The median follow-up was 58 months (range 7 to 274). Survival rates were calculated by the Kaplan-Meier method. Comparisons between groups of patients were made using log rank univariate analysis and Cox regression multivariate analysis. The statistical analysis was performed using Stataâ 6.0 software. P values less than 0.05 were considered significant.

RESULTS

     Overall and disease-free survival rates were displayed in Figures-1 and 2 as well as in Tables-2, 3 and 4. Multivariate analysis shows that influence of tumor stage is more relevant (p = 0.03; HR = 1.56) than children age (p = 0.05; HR = 0.39) on disease-free survival rates.











     One patient out of 3 with stage I tumor treated with neodjuvant plus adjuvant chemotherapy died of pneumonia 11 months after nephrectomy. The other 2 are alive disease free 240 and 274 months from surgery. The 16 patients with stage I tumor treated with short duration chemotherapy showed a disease-free survival rate of 100% in a median time of 101 months (range 14 to 248 months). Only 1 of these 16 patients developed moderate toxicity represented by neutropenia and infection (pneumonia) that was treated successfully by dose reduction and antibiotics.
     Ten children showed recurrent WT (Table-5) in a mean time of 13.4 ± 10 months (range 2 to 36). Overall and disease-free survivals of patients with recurrent WT at 3 and 5 years were respectively: 83.3% and 66.6%, and 42.8% and 42.8%. Severe drug toxicity in patients with relapse, treated with salvage chemotherapy, occurred in 1 patient that developed cardiac insufficiency. The child treated with high-dose chemotherapy plus stem cell rescue is alive without disease (hepatic metastasis exhibited complete remission) 84 months from relapse, but acute drug toxicity due to this attempt was severe: mucositis, vomiting, diarrhea, seizures, acute pulmonary edema and jaundice. The patient engrafted to an absolute neutrophil count 500/mL and platelet count > 20/ÁL, respectively 18 and 210 days after stem cell transplant.



     Only 1/16 adrenal glands excised during radical nephrectomy had WT metastasis (there was no primary tumor contiguous involvement). No major perioperative surgical complication occurred in any children, but 3 cases showed small bowel obstruction 3, 14 and 20 months after the surgery. Only 1 of these 3 children was treated previously with abdominal radiotherapy. Tumor spill occurred in 5/52 patients: 2 local and 3 diffuse spill. Two children with diffuse spillage exhibited local relapse.

COMMENTS

     Overall and disease-free survival rates after 3 and 5 years of follow-up are within the range reported by others (7,12-14).
     Our results show that adjuvant short-duration VCR-AMD chemotherapy is well tolerated and very effective for children of all ages with stage I Wilms´ tumor. It is worth to stress that 9/16 children so treated were older than 2 years, no one had diffuse anaplasia and only 1 had focal anaplasia. The SIOP 93-01 trial showed that postoperative chemotherapy with VCR-AMD for stage I patients with intermediate-risk and anaplastic WT (submitted to neoadjuvant therapy with the same drugs for 4 weeks and that showed initial good response) can be shortened to 4 weeks from the standard 18 weeks, while maintaining equivalent disease-free survival (4). The UKCCSG showed similar results with adjuvant VCR monotherapy (duration of 10 weeks) for stage I favorable histology tumor in patients ≤ 2 years (2). The NWTSG-5 trial included a therapy arm in which no adjuvant treatment was given for small stage I WT in children younger than 2 years, but this arm was closed prematurely when the relapse-free survival decreased below 90% (15). The few existing reports, including our data, suggest that treatment reduction for stage I disease is possible. Meanwhile, the NWTSG still recommend managing patients with stage I disease with a standard adjuvant chemotherapy regimen (VCR plus AMD) for 18 weeks (1).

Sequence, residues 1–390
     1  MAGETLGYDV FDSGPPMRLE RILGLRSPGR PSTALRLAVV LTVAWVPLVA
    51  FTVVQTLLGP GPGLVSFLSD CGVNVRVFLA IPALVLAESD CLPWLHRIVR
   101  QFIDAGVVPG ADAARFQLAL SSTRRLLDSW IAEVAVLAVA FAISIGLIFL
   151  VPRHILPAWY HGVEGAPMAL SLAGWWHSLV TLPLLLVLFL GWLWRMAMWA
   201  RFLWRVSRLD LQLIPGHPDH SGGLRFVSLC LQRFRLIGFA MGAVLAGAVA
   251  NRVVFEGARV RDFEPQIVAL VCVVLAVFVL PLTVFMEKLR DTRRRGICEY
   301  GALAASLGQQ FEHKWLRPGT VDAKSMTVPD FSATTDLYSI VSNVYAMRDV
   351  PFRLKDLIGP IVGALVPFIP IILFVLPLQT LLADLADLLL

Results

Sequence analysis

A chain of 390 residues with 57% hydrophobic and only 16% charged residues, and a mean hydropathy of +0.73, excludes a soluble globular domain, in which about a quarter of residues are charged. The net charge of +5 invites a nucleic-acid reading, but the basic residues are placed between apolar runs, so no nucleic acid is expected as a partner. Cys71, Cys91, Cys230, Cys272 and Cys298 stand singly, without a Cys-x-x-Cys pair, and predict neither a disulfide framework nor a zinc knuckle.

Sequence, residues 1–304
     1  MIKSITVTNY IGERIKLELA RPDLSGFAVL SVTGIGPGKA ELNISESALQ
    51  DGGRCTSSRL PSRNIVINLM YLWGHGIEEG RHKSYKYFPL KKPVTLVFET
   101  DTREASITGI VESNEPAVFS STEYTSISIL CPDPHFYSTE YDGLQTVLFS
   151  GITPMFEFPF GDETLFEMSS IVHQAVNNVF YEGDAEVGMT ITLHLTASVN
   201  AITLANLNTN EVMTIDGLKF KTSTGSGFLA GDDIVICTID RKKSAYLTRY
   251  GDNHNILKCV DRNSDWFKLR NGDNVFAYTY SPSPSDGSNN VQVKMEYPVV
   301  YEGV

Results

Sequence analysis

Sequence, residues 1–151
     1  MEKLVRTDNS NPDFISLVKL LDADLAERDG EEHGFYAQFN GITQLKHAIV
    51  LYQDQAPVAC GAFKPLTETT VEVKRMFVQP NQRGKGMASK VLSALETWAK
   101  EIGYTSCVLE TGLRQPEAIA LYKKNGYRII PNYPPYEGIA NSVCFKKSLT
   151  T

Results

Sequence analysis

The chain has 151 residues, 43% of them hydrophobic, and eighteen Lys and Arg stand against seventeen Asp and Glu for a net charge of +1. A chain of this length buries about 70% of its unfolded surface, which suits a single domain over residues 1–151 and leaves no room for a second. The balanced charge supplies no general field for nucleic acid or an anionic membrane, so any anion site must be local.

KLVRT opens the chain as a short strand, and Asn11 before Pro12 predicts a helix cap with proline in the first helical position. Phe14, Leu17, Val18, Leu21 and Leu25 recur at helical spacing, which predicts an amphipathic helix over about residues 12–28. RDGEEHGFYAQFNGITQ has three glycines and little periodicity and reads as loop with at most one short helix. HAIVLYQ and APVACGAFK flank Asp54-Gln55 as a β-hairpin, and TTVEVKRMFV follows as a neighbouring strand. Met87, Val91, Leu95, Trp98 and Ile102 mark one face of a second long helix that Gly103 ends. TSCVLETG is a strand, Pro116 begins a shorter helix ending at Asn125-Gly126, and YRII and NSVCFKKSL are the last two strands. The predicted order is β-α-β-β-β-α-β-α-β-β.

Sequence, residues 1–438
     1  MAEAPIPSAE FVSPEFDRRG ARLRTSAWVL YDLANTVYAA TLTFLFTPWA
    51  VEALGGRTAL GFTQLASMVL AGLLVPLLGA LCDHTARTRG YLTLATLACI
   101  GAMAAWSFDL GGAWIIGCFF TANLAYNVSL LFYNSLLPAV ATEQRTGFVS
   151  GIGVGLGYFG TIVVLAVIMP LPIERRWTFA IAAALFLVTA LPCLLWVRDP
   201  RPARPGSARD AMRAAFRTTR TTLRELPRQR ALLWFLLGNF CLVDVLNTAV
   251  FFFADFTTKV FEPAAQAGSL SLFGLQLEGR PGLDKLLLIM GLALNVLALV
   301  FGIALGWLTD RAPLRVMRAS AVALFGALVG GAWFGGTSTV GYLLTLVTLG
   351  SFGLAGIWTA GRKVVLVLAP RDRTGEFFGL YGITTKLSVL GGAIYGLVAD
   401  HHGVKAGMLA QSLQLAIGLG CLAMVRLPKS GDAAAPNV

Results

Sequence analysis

The outcome of our patients with stage II disease mirrors what was described in the literature while for stages III and IV tumor it seems worse (3,13,14). The difference observed in stages III and IV might be casual or a consequence of disparities in sampling.
     Our results show that second line chemotherapy was quite ineffective for treatment of relapsed WT. However, it is relevant to mention that only 1/10 recurrent tumor in this setting fulfilled the favorable prognostic factors such as initial stage I or II, previous treatment with VCR and AMD only, no previous radiotherapy, relapse longer than 6 months after diagnosis and favorable histology (5-7). Although successful retrieval of recurrent tumor is possible, novel approaches are urgently needed. In fact, the treatment for resistant relapsed WT remains a challenge (16). For such patients, in spite of drug toxicity, a salvage attempt with high-dose chemotherapy associated with autologous stem cell transplant seems to be justified as seen in 1 patient of this setting as well as in small series published elsewhere (6,8-10).
     The results of transperitoneal radical nephrectomy with regard to tumor spill (10%), local recurrence (6%) and small bowel obstruction (6%) are within the range published elsewhere (17-19). The role of systematic adrenalectomy in treatment of WT deserves further evaluation because tumor involvement of the gland is not usual as seen in our data.

CONCLUSIONS

     The postoperative chemotherapy in stage I disease can be reduced without compromising the cure rate. The treatment of unfavorable stage III and IV disease or relapsed tumor remains a challenge.

CONFLICT OF INTEREST

     None declared.

REFERENCES

  1. Kalapurakal JA, Dome JS, Perlman EJ, Malogolowkin M, Haase GM, Grundy P, et al.: Management of Wilms’ tumour: current practice and future goals. Lancet Oncol. 2004; 5: 37-46.
  2. Pritchard-Jones K, Kelsey A, Vujanic G, Imeson J, Hutton C, Mitchell C, et al.: Older age is an adverse prognostic factor in stage I, favorable histology Wilms’ tumor treated with vincristine monochemotherapy: a study by the United Kingdom Children’s Cancer Study Group, Wilm’s Tumor Working Group. J Clin Oncol. 2003; 21: 3269-75.